So I began the new year, 2019 with Tiger Hills by Sarita Mandanna! This was a book I knew about a long time ago! And only recently was I able to get my hands on it.
And what a perfectly divine choice! The novel whisks you back in time and takes you on a flavourful albeit bitter journey across Coorg in the Indian state of Karnataka!
Replete with rich symbolism such as herons, and once in a blue moon blooming bamboo flowers, Tiger Hills, begins in 1878, when Mutthava reminisces about the birth of her daughter, Devi, in Coorg.
Devi is the only daughter of Mutthava and Nachimanda Thimmaya. She is pampered by all, including her parents and her grandmother, Tayi. She becomes bold and feisty and soon her life is intertwined with the orphaned son, Devanna. They become the best of childhood friends. The story then turns to how Devanna is lauded for his intelligence by Reverend Gundert, who was in charge of the mission there. He develops a fondness for the boy and wants to cultivate in him a deep well of learning. Devanna grows to love this attention and also slowly cultivates his love for botany and education. Simultaneously, he falls in love with Devi as well. But he aspires to become a doctor as well and confess his love for her when he completes his studies. Devi, however, gets smitten by the famous tiger killer, Machu and has eyes only for him.
And alas, like all love stories, tragedy befalls on Devanna and due to that on Devi as well.
The novel however, does not simply capture the love that Devanna has for Devi because it is so much more. Sarita Mandanna’s writing is quick yet descriptive and gives a sweeping gaze across so many aspects of the many events that were occurring alongside the main story. She richly etches out the beauty of Coorg of those days, takes in the historical events that intertwined with the main plot as well such as the British Afghan War, the two World Wars etc.
Tiger Hills is divided into three parts: all three named after the male characters of the novel: Devanna, Machu and Appu. Appu is Machu’s son who Devi adopts. Through all the three male narratives, Devi runs as the common thread that unites all of them. Thus, despite the narratives focusing on that character within that part, Devi’s presence and growth is unmistakable. Learning early on that one has to fight for happiness, Devi’s boldness from her childhood continues to flourish, a trait that helps her bear her tragedy with her head held high (something that becomes a habit for her and comes naturally as time goes by) and she becomes a defiant woman constantly challenging the norms of the patriarchal society. She becomes a fighter in each and every stage, be it not getting her due share of the property or turning her land into a flourishing coffee estate. Devanna uses his botany knowledge to aid her slowly and surely from the background.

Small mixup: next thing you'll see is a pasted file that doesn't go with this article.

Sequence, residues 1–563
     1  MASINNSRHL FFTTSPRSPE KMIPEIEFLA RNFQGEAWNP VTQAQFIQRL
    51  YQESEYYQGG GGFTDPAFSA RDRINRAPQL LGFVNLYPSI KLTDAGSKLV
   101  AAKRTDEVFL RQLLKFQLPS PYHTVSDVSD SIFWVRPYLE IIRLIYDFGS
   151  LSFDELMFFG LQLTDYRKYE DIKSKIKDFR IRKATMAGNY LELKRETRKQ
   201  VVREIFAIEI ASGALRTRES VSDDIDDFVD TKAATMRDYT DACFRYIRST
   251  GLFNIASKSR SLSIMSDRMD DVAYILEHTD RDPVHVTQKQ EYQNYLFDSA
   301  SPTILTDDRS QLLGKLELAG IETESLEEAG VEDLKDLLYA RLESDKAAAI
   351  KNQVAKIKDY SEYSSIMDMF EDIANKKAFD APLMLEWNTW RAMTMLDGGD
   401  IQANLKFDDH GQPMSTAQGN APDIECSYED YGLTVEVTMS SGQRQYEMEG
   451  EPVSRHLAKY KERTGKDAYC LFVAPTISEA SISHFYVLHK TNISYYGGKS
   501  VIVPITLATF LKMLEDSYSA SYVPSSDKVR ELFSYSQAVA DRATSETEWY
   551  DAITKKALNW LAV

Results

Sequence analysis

The only grouse I hold against the story is the coincidences that take place in a melodramatic manner through which the long buried secrets of their lives are revealed. At times, they may seem contrite, forced and a tad bit soap opera like, almost as if the author has had no time to finish it and has to resort to certain filmi styles to achieve a closure. Even the ending is fairly Bollywoodish and seems like a feeble attempt to end the story on both a happy as well as ambiguous note.
If one overlooks that however, Tigers Hills is a fairly straightforward story, engaging and easy to read, chronologically constructed and almost like a bildungsroman for the two lovers as the reader sees their growth from childhood into adulthood and how they comes to terms with the losses they have suffered on the way.
It is a beautiful book to steep yourself in and read with a cuppa of coffee while you travel back in time and wander amidst Devi’s aptly named coffee estate, Tiger Hills.